By contrast, Thiel was on board with Trump from the get go, quietly funding the Bollea v. Gawker case on the side, which ultimately bankrupted Gawker. Of course many of us would say no big deal. Gawker made its mark by going after disingenuous celebrities like Hogan, in this case a "sex tape." These tapes were all the rage in the early 2000s and Gawker figured this was just Hogan looking to promote himself after his reality show failed. Little did they know that lurking behind the scenes was a ghost from the past.
Peter Thiel had never forgiven Gawker for the 2007 story that outed him. Nick Denton had also gone after Thiel's Silicon Valley deals in other incarnations of the on-line blog. Thiel saw his opportunity and pounced. What makes this particularly troubling is that Thiel's only purpose was to shut down Gawker. He didn't care about Hogan. Who could? He just wanted to destroy the infamous on-line rag.
This raises the thorny question regarding the first amendment, which is now under fire by no less than the President himself, who continues to insist that the mainstream news media is "fake." Trump hit an emotional nerve on the campaign trail, often turning his audiences against the media, even to the point of singling out reporters like Katy Tur. The director, Brian Knappenberger, connects Trump, Thiel and Adelson as part of a concerted effort to body slam the news media.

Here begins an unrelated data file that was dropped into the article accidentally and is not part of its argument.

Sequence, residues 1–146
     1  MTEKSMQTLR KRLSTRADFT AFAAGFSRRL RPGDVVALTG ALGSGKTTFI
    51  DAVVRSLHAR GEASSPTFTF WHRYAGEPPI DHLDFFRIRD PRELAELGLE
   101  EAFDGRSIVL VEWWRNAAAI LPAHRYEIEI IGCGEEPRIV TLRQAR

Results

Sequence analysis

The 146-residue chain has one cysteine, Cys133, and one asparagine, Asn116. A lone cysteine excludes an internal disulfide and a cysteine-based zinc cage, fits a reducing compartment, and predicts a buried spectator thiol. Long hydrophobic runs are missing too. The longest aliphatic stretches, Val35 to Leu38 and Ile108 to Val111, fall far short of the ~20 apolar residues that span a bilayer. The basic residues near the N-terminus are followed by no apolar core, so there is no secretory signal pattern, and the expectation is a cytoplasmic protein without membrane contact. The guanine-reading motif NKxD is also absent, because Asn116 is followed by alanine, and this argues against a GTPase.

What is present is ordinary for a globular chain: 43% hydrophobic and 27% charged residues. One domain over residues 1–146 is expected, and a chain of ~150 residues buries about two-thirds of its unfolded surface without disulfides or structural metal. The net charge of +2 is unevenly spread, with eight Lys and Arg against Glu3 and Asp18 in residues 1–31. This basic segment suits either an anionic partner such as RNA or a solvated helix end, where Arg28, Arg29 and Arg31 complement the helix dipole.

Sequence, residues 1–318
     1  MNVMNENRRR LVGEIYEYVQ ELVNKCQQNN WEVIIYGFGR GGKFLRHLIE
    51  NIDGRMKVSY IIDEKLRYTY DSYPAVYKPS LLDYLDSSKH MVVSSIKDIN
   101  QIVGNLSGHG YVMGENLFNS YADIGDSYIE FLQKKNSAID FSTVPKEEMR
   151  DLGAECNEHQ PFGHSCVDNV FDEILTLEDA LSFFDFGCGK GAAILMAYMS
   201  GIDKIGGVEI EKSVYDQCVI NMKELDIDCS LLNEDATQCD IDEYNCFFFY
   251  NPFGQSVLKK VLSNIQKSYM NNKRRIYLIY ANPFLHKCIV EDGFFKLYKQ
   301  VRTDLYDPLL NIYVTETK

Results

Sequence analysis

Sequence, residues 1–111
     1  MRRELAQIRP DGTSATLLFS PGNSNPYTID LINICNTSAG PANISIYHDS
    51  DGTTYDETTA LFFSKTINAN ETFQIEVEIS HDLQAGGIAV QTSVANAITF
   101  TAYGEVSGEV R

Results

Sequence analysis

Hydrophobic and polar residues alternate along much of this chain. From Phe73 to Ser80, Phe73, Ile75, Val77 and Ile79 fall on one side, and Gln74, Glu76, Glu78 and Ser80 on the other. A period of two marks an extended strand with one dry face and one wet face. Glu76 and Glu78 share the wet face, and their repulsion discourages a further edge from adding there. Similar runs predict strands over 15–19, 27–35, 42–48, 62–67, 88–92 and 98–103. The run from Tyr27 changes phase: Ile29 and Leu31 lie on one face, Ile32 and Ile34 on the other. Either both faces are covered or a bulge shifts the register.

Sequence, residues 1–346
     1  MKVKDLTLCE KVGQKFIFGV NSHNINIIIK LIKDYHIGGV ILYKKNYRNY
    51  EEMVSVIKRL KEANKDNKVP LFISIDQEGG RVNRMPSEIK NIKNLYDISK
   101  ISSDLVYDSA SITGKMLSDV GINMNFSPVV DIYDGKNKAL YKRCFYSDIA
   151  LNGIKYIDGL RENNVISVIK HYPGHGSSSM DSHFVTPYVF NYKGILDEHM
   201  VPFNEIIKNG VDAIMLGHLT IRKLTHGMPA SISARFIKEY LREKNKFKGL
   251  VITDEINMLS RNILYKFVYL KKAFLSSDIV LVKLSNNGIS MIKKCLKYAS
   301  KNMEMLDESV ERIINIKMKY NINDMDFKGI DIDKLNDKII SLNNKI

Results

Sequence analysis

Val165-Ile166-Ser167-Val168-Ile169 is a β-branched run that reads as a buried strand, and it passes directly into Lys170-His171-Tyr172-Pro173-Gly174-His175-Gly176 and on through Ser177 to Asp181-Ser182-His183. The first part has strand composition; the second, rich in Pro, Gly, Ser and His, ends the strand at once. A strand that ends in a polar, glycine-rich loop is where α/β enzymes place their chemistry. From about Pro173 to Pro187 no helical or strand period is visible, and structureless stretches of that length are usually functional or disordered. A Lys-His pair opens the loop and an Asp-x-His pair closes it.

Ominously, this is a lot like what Putin did in Russia back in the early 2000s. He didn't like the criticism he was getting from the Russian press over his handling of the Kursk submarine episode, the Moscow theater crisis, and the Beslan school tragedy, not to mention the ongoing war in Chechnya. As a result, he essentially shut down the free press by using the iron grip of the federal tax service. Within a matter of months all the major Russian news outlets found themselves under investigation for tax fraud, their top brass was purged and new executives put in place. After that, Vlad has received mostly favorable press from Russian news services, until recently, forcing him to go through purges once again.
In typical American fashion the assault isn't coming so much from the White House, as it is from conservative media robber-barons determined to control the press and use it as a corporate propaganda tool. If they can't buy out the major media outlets directly, they seek to undermine their credibility. In the last 20 years, the last decade especially, we have seen the rise of alternative news networks aimed largely at an all-too-gullible conservative audience.
This is pretty much an extension of news syndicates like Gannett, which owns a staggering 100 daily newspapers and 1000 weekly newspapers around the country. Syndicates like this essentially control the flow of information and promote their own syndicated columnists who provide local communities with easily digestible manufactured opinions that support their parent company. The irony is that many conservative readers believe there is a liberal bias in the news media. These conservative syndicates rely heavily on an audience that will take their word at face value.